The cane is then ready to be harvested early next morning (Picture 10), which is an awesome sight to behold. The Harvester (which looks like something out of 'Mad Max', Picture 11) cuts and harvests the crop, putting it into two cane baskets on the back of a truck (Picture 12) which, when full, takes the full baskets, about 5 tonnes each, to the railway siding and off-loads onto the cane train so, that as an empty train basket comes off another full one is put on the railway line for the 'cane train' to take to the sugar mill. Each 'basket' has a unique number (Picture 13) so that when it gets to the mill (there are 24 sugar mills in Australia) it can be identified to the farmer that has supplied the product and who, in turn, can be paid. The farmer is duly paid by the sugar content and also on the tonnage of the cane supplied to the mill. These cane trains (Picture 14) run on narrow gauge lines and a diesel engine pulls a load of 'Cane baskets' along a track at the end of a farmers fields, across roads (Picture 15) and farms to the local mill (there are pretty big fields by the way; to be viable a farmer would have to have a farm over 200 acres!). I am still trying to work out how this is all co-ordinated! Not so very long ago this was collected manually, weighing only up to about a tonne, on a wooden cart (Picture 16). Some 4 million tonnes of the raw sugar is produced from this every year in over 4000 farms. As the farmer is paid on sugar content it usually means they plant new crops every 5 years, even though the cane will regrow for up to 10 years in some parts.
However, it doesn't stop there! Once the cane has been collected at the mill (Picture 17) it is then turned, via various processes, to produce ethanol for fuel, disposable products, shopping bags, food for cattle, construction material in road tar, flour, and Toyota even use sugar cane in the dashboards of some of their vehicles, but more importantly RUM!! Once these very complicated processes are completed, my eyes glossed over as this bit was explained to me, the end products of the process, what we would call simply waste, or the mushed up fibre from crushing the cane, is then used by the mills for producing their own electricity and the other by-products as fertiliser for the farmers. So the farmers get fertiliser back (free) from the mills where it is spread all over the fields and the process starts again.The farmers only pay a 50% share of the transport cost. The mills generate electricity and the excess is passed onto the power stations. Brilliant, no waste!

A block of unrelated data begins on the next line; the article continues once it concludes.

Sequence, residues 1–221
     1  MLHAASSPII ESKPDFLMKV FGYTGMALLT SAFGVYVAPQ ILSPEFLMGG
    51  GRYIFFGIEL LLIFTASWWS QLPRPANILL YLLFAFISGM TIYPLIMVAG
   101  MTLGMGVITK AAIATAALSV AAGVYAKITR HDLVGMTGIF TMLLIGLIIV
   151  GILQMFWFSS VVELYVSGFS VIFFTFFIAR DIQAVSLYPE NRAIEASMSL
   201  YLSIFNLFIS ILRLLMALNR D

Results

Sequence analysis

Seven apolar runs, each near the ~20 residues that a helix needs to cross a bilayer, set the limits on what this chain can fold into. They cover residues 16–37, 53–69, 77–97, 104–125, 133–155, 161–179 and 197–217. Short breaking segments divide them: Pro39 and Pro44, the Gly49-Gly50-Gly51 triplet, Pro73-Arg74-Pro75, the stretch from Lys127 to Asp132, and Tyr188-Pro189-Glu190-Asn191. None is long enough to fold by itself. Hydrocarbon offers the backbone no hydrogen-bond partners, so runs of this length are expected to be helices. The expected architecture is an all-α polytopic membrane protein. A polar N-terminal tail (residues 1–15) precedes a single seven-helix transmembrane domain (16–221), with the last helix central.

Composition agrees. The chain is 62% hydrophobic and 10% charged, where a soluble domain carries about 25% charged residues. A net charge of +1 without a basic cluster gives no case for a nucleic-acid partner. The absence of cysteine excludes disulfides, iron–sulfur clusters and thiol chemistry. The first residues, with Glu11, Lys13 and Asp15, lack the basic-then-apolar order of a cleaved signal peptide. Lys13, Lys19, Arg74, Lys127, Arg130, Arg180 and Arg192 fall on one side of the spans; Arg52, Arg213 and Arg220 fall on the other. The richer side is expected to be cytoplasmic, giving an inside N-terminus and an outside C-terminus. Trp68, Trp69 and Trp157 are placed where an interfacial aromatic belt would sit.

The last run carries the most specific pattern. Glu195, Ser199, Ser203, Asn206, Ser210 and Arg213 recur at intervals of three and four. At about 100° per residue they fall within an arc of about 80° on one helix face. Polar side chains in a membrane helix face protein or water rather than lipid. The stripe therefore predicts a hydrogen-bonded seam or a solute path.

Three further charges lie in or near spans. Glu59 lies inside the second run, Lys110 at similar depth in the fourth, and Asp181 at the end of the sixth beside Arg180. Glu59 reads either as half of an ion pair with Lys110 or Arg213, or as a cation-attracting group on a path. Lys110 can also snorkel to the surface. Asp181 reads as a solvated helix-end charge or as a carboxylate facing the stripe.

It has taken years to get to this point as many changes have occurred in the Industry but, with improved machinery, this has led to an improvement in production and whilst pests such as rats, snakes and beetles remain quite a problem for the farmers, big heavy machinery makes it easier, and safer, for them to produce the crop. 3000 cane toads were introduced to Queensland in 1935 to get rid of the beetles but they, themselves, are now an environmental problem!
So, when we were shown round the Bundaberg Rum distillery in Bundaberg (Picture 18) we were mightly impressed! Bundaberg rum (or 'Bundy' as it it is affectionately known) is only found outside Australia where there are Aussie expat communities. It only exports 4% of its production, of which 3% of that goes to New Zealand. A significant proportion then goes to Bali and other Aussie holiday destinations. I am delighted to confirm that the remaining 96% stays with the happy rum drinkers of Australia plus a couple of new converts! The distillery is very much a major part of the town of Bundaberg and so, when floods occurred earlier this decade, special rums were produced for those affected. The rums were named after the flooded roads and the 'specials' can be seen in their display cabinet (Picture 19). So, if had I been living in 'Robert Street' (Picture 20), I would be the proud owner of at least one bottle! The distillery is a fine example of a Community run business, although with far reaching National status. It is big business too, some $3billion of product is held at the Distillery most of the time.
The distillery has now gone beyond rum and produces beautiful liqueurs and a range of non alcoholic drinks (apparently, haven't tried them yet - lol!)
So, all in all one has to say what a great product! You can ask your friends when you next sip your rum and coke - "Did you know there is no waste in the production of this glass of very nice rum?" I will leave it to you to bore your friends with the details!!
So, enjoy the end product and keep an eye out for Bundy rum on your travels!
Cheers and don't forget, "Drink more rum"!!!